After the events of the last few months in Washington DC you might think that I’m suggesting we throw out all the inept politicians, however, while I’d certainly like to voice my feelings regarding spending and taxes I’ll leave that debate to the “talking heads” that make a living through biased reporting of the facts. Instead, today I’m writing about the enforcement of commercial property leases.
In the last couple of years I’ve seen a growing tendency of property owners being reluctant to enforce their leases because they fear the potential loss of revenue in the event such action leads to an eviction. This is hardly new ground for most
owner/investors as vacancy is just one of the many costs of doing business. Lease enforcement falls into two distinct categories, 1) payment of financial obligations and 2) rules of operational behavior.
The first category, payment of financial obligations, seems like a straight forward issue but in an economic environment where even the best businesses are struggling there are no easy answers. It usually starts with a good tenant being
slow in paying their rent and other fees due. The due date goes by and the owner’s representative posts the delinquent party with a demand for current obligations plus late fees. It is obvious that unless something extraordinary occurs the next month’s financial obligations will be as late or later. Over a series of months the leasing party gets further and further behind until payment of the month’s financial obligations is made at the very end of the month or not at all. The owner’s representative is ready to enforce the lease and process for eviction but the owner is reluctant to proceed. The owner reasons that perhaps if the leasing party is given a little time they will be able to get caught up and because it is easier to maintain an existing tenant then to obtain a new on the owner decides to delay lease enforcement. Several months without the tenant’s payment starts to place a burden on the property as other tenants hear through the “grape vine” that the tenant isn’t paying rent and no action is being taken. Slowly other tenants begin to make their payments later in the month, possibly because they are also having financial issues but likely also that they are aware that the owner is reluctant to enforce payment. The owner has placed the property’s operation into a very precarious position. As a property owner and property manager my opinion has always been to throw the bums out if they don’t pay. By doing so you make a statement to the other tenants but you also maintain the integrity of the property’s lease document.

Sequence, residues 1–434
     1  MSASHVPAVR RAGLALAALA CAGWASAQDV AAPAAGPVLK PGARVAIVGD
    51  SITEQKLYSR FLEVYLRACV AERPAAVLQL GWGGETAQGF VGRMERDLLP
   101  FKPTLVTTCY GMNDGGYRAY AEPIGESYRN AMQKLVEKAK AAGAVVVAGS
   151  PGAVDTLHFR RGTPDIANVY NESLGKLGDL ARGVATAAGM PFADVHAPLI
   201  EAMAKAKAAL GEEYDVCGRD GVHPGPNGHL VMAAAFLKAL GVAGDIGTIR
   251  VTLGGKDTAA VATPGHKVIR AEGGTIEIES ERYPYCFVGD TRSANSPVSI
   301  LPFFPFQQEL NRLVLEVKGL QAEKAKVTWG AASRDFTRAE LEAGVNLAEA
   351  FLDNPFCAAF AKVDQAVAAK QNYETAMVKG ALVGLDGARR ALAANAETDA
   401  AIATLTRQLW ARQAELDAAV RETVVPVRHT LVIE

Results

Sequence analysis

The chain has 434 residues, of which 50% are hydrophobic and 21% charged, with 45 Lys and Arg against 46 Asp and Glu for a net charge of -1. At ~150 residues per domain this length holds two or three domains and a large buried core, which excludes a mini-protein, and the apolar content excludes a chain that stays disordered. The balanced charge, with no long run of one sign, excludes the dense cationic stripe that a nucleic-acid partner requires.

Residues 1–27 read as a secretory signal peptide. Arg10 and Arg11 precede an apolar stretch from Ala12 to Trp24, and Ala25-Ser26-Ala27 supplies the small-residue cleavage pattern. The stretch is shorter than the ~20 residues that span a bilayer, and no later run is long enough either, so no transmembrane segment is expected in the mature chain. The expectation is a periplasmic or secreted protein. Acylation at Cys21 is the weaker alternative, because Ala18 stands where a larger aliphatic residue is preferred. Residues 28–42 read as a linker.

The second category, rules of operational behavior, isn’t as easy to administer as there are varying levels of non-compliance. Some are as simple as store hours of operation but others are more complex such as selling merchandise that another
tenant has an exclusive right to sell or failure to continually operate the store, “going dark” as we say in the industry. The violation occurs and the owner’s representative posts a demand for compliance to the violating party. The party persists in the illicit activity and the owner’s representative wants to take further action but the owner is again reluctant as a tenant paying rent is better than a vacant space. As the rouge tenants activities become known by other tenants there is a change in attitude from other tenants who feel they are also entitled to stray from the lease rules. Again, as a property owner and property manager my opinion has always been to throw the bums out if they won’t honor the rules of operational behavior.
I recognize that high vacancy makes it difficult to operate
a commercial property; however, tenants who don’t pay rent or follow the rules
have no respect for the property, other tenants or customers and are a
detriment to leasing vacant spaces. It
is far better to throw the bums out and look for a new tenant than to try to salvage
a bad one. As my mom use to say, “One
bad apple spoils the whole barrel”.